The researchers then split the newly disappointed participants into two groups: The “ritual” condition group performed a series of ritualistic tasks including drawing a picture about their current state of mind, sprinkling salt on the drawing, tearing up the drawing, and silently counting to 10. The “non-ritual” condition participants only drew a picture. After the experiment, the ritual group reported feeling more in control and less bummed out about the $200 than the non-ritual group.

Importantly, the researchers found that the rituals had a positive effect regardless of whether the participants held preconceived notions about ritualistic behavior. “That was a crucial question for us,” Norton says. “We thought that people who habitually use rituals might get a benefit. But these results show that regardless of your belief, if we induce you to perform rituals, you feel better.”

Rituals enhance consumption

Just as there are multitudes of grief rituals all over the world, so too are there innumerable rituals related to feasting, ranging from cultural (a Japanese tea ceremony) to personally quirky (eating all the green M&Ms first). “Given that there are so many rituals associated with food, we next explored whether rituals could even make food taste better,” Norton says.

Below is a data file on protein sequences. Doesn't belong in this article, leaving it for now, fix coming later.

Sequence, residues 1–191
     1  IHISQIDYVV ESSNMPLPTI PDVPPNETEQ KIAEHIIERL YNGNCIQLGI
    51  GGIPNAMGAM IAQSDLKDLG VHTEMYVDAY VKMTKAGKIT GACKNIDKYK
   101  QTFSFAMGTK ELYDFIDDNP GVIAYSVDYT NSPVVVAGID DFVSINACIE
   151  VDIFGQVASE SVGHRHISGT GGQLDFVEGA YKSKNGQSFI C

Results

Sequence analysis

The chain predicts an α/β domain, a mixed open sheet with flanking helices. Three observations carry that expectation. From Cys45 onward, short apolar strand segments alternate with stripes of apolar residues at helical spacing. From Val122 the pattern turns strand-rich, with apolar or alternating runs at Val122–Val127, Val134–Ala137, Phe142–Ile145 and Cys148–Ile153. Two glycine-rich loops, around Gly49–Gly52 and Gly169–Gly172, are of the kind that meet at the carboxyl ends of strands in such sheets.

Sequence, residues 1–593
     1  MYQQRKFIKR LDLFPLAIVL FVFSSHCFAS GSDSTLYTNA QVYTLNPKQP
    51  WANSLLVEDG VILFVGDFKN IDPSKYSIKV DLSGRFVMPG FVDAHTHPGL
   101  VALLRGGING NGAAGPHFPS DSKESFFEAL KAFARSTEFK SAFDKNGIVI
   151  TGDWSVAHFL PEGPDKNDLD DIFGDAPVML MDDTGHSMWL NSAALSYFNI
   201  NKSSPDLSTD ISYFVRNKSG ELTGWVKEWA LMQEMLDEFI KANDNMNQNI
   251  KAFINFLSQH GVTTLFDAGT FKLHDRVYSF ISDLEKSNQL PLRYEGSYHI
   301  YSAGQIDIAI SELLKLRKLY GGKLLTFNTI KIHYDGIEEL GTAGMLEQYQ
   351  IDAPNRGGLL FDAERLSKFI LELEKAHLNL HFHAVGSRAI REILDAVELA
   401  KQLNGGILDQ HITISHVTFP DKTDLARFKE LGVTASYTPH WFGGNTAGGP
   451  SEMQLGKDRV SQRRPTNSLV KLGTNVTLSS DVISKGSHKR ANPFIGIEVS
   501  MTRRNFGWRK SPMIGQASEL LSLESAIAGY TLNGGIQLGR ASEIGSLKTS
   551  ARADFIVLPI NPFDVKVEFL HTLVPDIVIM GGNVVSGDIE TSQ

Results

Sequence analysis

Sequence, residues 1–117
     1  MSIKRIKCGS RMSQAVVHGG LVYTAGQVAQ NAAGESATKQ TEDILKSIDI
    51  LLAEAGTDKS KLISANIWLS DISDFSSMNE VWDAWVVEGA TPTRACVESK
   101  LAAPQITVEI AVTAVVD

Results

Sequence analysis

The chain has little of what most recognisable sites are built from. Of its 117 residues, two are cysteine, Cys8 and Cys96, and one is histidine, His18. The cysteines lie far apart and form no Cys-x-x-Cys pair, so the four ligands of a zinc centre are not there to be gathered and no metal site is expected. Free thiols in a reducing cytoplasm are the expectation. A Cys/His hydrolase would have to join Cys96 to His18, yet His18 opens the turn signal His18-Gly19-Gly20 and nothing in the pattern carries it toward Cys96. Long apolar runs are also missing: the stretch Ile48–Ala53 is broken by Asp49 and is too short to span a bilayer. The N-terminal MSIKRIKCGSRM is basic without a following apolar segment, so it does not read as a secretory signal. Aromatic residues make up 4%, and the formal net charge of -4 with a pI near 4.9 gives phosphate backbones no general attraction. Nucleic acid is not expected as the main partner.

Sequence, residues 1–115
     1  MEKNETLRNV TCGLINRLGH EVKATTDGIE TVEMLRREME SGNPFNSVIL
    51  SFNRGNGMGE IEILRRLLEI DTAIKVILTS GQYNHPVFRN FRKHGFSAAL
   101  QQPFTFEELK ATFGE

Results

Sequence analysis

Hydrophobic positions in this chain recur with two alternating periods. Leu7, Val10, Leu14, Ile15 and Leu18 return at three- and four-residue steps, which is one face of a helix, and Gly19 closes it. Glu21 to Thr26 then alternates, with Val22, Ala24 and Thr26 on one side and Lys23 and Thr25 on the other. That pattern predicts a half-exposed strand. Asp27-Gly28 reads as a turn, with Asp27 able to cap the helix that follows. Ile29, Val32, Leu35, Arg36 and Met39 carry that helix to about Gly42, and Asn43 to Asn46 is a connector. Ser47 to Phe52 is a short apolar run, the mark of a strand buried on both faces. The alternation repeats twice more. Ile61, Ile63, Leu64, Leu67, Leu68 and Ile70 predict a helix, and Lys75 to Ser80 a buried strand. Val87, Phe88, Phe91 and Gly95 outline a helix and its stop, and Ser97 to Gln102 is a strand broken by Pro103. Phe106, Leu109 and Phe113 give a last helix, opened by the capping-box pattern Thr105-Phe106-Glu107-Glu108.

In a series of experiments conducted along with University of Minnesota marketing professor Kathleen D. Vohs and doctoral candidate Yajin Wang, Norton, and Gino found that rituals indeed have the power to make food seem tastier and more valuable. Their research findings are presented in the paper “Rituals Enhance Consumption,” forthcoming in Psychological Science.

“We made the rituals deliberately silly,” Norton says. “With rituals like wine-tasting and tasting menus, some of the enjoyment is about pageantry and great service. We wanted to strip those factors away and focus on the rituals themselves.”